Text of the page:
Thank you; that was my concern.
Unfortunately, there are many internet scams where an individual will contact an American, requesting financial assistance due to an emergency;
this is per the US embassy website:
The most common scams involve someone allegedly in Nigeria who is in some sort of trouble, ranging from detention to extortion or hospitalization. Inevitably, the sender is making an appeal for money. If this is someone you have not met personally, we urge you to stop corresponding with whoever sent the message, and please do not send any money to Nigeria.
Before you send funds, check to see if you recognize any of the following signs, and realize that you may be a potential victim of a scam:
- You only know your friend or fiancé online and may never have met in person.
- Photographs of the scammer show a very attractive person, and appear to have been taken at a professional modeling agency or photo studio. If they provide you with a copy of their passport or visa, you can always contact the U.S. embassy in the country where the passport or visa was issued to verify the validity of the document.
- The scammer's luck is incredibly bad – he/she is in a car crash, or arrested, or mugged, or beaten, or hospitalized. Close family members are dead or unable to assist. Sometimes, the scammer claims to have a young child overseas who is ill or hospitalized.
- You have sent money for visas or plane tickets but they can't seem to make it to their destinations, citing detention by immigration officials, or other reasons that prevent them from traveling.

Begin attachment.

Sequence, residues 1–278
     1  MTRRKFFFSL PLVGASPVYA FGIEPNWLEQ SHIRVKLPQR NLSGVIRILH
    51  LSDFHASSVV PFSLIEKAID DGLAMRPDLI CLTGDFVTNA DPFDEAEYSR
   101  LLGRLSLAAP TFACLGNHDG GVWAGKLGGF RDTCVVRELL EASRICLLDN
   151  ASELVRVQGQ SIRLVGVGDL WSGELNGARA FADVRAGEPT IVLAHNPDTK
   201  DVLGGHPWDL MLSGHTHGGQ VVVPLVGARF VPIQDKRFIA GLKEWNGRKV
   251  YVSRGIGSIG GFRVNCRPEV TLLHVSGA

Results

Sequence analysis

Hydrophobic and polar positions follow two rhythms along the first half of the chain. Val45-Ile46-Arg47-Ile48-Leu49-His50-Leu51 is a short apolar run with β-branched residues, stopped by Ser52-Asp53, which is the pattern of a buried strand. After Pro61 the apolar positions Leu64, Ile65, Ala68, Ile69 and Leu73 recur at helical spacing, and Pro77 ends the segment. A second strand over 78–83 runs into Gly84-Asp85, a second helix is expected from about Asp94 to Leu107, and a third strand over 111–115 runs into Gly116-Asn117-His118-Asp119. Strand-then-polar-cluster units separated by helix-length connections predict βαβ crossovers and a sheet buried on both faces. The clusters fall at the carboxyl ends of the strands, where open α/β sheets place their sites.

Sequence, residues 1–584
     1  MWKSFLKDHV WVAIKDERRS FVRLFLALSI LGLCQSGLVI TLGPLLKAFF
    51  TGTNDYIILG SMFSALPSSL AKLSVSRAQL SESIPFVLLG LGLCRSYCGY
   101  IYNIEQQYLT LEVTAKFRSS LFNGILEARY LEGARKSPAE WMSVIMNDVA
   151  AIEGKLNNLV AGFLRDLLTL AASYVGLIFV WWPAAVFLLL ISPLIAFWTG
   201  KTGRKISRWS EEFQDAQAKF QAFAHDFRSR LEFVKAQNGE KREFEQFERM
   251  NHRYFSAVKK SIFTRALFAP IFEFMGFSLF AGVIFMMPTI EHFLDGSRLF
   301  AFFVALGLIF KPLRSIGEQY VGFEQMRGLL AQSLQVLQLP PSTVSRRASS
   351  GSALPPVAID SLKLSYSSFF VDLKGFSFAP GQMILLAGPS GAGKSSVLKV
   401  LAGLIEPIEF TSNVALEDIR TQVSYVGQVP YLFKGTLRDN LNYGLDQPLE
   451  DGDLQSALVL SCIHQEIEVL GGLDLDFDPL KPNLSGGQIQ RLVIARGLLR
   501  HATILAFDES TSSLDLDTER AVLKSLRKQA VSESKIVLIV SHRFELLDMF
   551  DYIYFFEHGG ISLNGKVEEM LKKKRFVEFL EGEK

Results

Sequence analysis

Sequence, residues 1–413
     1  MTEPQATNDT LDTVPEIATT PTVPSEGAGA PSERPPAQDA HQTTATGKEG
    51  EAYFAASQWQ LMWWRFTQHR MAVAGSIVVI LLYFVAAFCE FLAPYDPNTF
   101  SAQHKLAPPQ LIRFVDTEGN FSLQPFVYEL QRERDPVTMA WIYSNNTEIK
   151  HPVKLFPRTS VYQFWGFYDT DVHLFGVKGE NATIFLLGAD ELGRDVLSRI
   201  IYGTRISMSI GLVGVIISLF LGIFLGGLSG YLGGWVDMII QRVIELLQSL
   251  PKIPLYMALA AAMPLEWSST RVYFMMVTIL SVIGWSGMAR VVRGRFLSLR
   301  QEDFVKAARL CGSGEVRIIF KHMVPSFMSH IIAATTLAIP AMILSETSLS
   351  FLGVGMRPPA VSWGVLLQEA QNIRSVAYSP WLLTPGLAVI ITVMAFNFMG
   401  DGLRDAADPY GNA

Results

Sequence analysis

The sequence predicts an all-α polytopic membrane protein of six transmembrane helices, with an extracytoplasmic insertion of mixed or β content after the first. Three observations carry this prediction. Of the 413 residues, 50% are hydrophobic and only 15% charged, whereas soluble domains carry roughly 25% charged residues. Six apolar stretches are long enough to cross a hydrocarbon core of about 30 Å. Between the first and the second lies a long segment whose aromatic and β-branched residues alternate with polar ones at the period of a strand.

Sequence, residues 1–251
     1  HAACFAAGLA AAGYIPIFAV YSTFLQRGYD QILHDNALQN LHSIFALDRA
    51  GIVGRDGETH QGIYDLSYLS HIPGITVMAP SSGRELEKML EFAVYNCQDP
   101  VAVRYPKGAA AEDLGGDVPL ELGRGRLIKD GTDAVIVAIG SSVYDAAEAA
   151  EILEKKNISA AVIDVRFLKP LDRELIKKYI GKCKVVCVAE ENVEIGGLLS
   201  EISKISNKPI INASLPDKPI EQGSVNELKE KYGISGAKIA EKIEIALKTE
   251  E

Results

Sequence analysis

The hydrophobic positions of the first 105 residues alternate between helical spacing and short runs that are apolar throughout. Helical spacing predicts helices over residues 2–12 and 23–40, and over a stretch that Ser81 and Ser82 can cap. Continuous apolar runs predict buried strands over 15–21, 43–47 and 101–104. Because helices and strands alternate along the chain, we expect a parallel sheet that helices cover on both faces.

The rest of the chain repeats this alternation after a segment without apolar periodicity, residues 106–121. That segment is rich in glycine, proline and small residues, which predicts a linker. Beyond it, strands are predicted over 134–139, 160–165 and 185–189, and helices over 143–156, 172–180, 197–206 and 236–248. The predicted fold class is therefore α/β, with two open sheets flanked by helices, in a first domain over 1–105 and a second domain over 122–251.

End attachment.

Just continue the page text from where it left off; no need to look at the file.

- Beware of anyone who requests funds for a BTA, or Basic Travel Allowance, as a requirement to depart another country for the United States. There is no such thing as a BTA. In other cases, your Internet friend will claim to need a travel allowance, or travel money, to be able to travel to the United States. Again, there is no such requirement under U.S. law.
- The scammer claims to have been born and raised in the United States, but uses poor grammar and spelling indicative of a non-native English speaker.
- Although the scammer may claim to be in Nigeria, he or she may ask that the money be sent to an account in another country. Alternatively, the scammer may state he or she is in a third country but request that funds be sent to the Nigeria.
- The scammer may even claim to be contacting you from a U.S. Embassy, where your partner, business associate, or friend is being detained pending payment of some type of fee. U.S. embassies do not detain people.
There is even a specific agency established to help report and investigate these internet scams:
If an American is truly in need of money overseas, they can arrange a wire transfer from a family member or friend that they have a long standing personal relationship with through the US consulate - they will assist in notifying relatives;
More information here:
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Information provided is for educational purposes only. Consultation with a personal attorney is always recommended so your particular facts may be considered. Thank you and take care.